“Obviously, some part of us loves feeling 1) right and 2) wronged.

But outrage is like a lot of other things that feel good but, over time, devour us from the inside out. Except it’s even more insidious than most vices because we don’t even consciously acknowledge it’s a pleasure.

We prefer to think of it as a disagreeable but fundamentally healthy reaction to negative stimuli, like pain or nausea, rather than admit that it’s a shameful kick we eagerly indulge again and again, like compulsive masturbation.”

Tim Kreider



The Male Religion

This is an article for the men. So ladies, you can stop reading now.

I’m going to talk about the Male religion. You may not believe in religion. I don’t…except this one. But there’s nothing spiritual about it. It’s fact. But it’s dogmatic, like religion. The dogma is:

Men love women.

All us men do…to some degree or another. Except for gay boys. And that’s fine. I should’ve told you gay boys to stop reading, too, but, anyway…I’m talking about straight guys. We’re not better, we just are who we are. And what we are is lovers of women. Very obvious, I know. But not so obvious to women…and why?Because we don’t act like it.I mean, we act like it when we talk with other guys, “Did you see her?”…Or when we stare at her as if sizing up a chunk of beef. But why don’t we show it to our women?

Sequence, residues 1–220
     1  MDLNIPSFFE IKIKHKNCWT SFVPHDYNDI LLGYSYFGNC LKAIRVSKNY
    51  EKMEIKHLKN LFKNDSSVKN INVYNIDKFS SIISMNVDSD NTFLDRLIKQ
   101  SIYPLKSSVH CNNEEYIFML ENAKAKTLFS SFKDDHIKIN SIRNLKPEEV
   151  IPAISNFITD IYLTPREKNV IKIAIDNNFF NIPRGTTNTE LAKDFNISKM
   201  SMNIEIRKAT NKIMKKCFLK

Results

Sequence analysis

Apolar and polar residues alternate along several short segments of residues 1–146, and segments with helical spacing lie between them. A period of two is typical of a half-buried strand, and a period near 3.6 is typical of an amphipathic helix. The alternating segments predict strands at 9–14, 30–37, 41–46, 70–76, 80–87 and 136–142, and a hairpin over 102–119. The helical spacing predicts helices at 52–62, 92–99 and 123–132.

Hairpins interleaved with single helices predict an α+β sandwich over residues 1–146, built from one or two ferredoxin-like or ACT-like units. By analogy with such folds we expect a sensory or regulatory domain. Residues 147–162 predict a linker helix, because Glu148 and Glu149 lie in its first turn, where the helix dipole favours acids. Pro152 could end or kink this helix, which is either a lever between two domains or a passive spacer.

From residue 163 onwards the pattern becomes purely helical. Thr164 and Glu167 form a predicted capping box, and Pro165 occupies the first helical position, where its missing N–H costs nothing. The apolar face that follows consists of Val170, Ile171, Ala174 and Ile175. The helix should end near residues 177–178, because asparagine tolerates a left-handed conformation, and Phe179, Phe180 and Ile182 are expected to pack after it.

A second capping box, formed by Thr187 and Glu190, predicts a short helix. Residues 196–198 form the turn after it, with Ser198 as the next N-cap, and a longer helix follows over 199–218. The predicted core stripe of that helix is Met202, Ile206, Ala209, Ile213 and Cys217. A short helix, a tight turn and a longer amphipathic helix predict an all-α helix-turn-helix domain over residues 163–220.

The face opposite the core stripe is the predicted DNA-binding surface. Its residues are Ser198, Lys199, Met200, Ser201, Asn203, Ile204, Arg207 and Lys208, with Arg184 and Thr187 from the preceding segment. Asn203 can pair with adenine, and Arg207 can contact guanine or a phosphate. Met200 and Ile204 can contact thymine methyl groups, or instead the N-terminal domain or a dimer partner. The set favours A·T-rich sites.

We’ve become insulated in, and at the same time, alienated from, our manhood.

And in the process, we’ve forgotten about her.

It’s time we realize that our manhood is something to be proud of. It’s something to be shared.  It’s always there, wanting to be expressed, needing to be expressed. Sometimes hidden behind all the other obstacles to our true nature, but it’s there.

The male drive is divinely given, from somewhere beyond our recognition and beyond our control (Just see how hundreds of years of trying to control it turned out with Catholic priests.)

The first step in understanding our relationship to women is accepting we have no control over our desires for women. No more control than anyone that gets hungry when they pass a restaurant that’s cooking up food.

Accept it. We are helpless for women. Mark Manson, in the opening of his book, The Subtle Art of Not Giving a F*ck, explains the underlying method to expressing yourself:

Stop trying.

We love women. Stop trying to love women and love them. It’s that simple. The outcome of expressing our love is unavoidable, so stop worrying about it. Stop trying to be anything but your loving self.

Don’t think about it, because it makes no logical sense. There’s her beautiful smile, flashing eyes, round breasts, smooth legs…and all of us are triggered.

But what is our reaction? We might show it in our glance…but most don’t. This does depend on culture. American culture is particularly conservative in showing sexual nature and attraction. The feelings are hidden away…they are made impersonal, directed into porn, and sexual characters and scenarios on tv, in movies, and advertisements. Why?